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Fed Presidents: U.S. Could be Headed For 'Fiscal Cliff' by the End of 2012


"We're in a tough situation and the current slow recovery is hurting everybody."

Two Federal Reserve presidents said Tuesday that the U.S. economy could be headed for a "fiscal cliff" by the end of 2012 if “mandated tax increases and spending cuts are implemented,” CNBC reports.

Charles Evans of the Chicago Fed referred to the cliff as a "big uncertainty." At the same time, Atlanta Fed President Dennis Lockhart said the markets could experience "financial shock" if Congress and the White House remain in deadlock over how best to jumpstart the economy.

Atlanta Fed President Dennis Lockhart

“The expected tax increases and spending cuts were triggered when a congressional ‘super committee’ failed to come up with a way of closing the federal budget deficit,” CNBC reports.

While speaking during the Milken conference in Los Angeles, the Fed presidents agreed recent GDP data was “disappointing” (to say the least), but disagreed with each other on the need for more stimulus.

"I’d like nothing better than to start raising rates before late 2014 on the strength of a stronger economy," Evans told Squawk on the Street.

Watch the Fed Reserve officials discuss the state of the economy via CNBC:

The Chicago Fed chief said: "more liquidity would be helpful. It would ratify the idea that [Fed] policy is going to be accommodative for a very long time to get things going. Look, we might get lucky in the sense that ... the channel opens up and we get a greater lift in the economy."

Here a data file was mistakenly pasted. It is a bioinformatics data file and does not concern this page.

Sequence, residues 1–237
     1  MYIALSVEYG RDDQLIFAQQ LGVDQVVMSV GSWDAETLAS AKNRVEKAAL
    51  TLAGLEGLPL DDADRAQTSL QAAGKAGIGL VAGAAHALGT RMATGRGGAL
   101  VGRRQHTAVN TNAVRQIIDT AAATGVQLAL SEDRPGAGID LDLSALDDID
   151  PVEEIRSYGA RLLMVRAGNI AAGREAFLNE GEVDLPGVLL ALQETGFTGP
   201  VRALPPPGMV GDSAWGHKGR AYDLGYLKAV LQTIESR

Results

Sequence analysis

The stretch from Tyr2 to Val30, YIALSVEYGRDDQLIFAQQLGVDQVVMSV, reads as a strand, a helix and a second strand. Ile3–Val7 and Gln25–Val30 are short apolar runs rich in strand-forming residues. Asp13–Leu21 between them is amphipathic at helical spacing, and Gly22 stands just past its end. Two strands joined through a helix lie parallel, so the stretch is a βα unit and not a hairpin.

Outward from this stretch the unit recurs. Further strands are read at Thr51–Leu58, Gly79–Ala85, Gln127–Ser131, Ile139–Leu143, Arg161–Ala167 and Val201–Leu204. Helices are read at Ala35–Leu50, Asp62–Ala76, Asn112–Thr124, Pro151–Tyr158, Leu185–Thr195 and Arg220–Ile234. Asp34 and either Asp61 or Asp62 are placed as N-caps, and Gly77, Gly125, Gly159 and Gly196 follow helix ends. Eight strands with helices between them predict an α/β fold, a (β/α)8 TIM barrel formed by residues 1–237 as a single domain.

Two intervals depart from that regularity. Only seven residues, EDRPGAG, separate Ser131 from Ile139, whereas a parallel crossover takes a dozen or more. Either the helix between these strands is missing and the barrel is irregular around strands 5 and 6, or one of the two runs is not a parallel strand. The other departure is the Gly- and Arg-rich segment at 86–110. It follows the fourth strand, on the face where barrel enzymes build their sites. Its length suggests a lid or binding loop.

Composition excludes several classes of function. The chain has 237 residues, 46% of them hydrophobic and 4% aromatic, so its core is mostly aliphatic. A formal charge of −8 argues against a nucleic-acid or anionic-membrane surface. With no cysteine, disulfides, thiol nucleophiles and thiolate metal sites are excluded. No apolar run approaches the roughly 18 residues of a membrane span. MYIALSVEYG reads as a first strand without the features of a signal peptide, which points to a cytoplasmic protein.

However, instead of simply keeping rates low until late 2014, Evans argues the Fed should use "economic triggers" to “accommodate” low rates and high unemployment as it occurs.

The Atlanta Fed president disagreed, saying that although Q1 GDP and recent jobs data were “disappointing,” "I am a bit reticent to pull the trigger on any action. We have to see how the economy evolves. Pulling a number out of the air is a bit too simplistic."

He added:

There’s only so much we can do to stimulate loan demand, and to change the risk appetite of the financial system or banks, so I’m not sure that more really active stimulus in the form of quantitative easing, for example, would have that much of an effect.

But the longer-term costs have to be kept in mind, costs related to inflation expectations, for example.

The Fed presidents both agree the Federal Reserve's low interest rates are detrimental to savers.

Chicago Fed President Charles Evans

"We're in a tough situation and the current slow recovery is hurting everybody," said Evans.

"[W]e can only have one policy, and that policy is designed to support the recovery. So unfortunately there are winners and losers,” Lockhart added.

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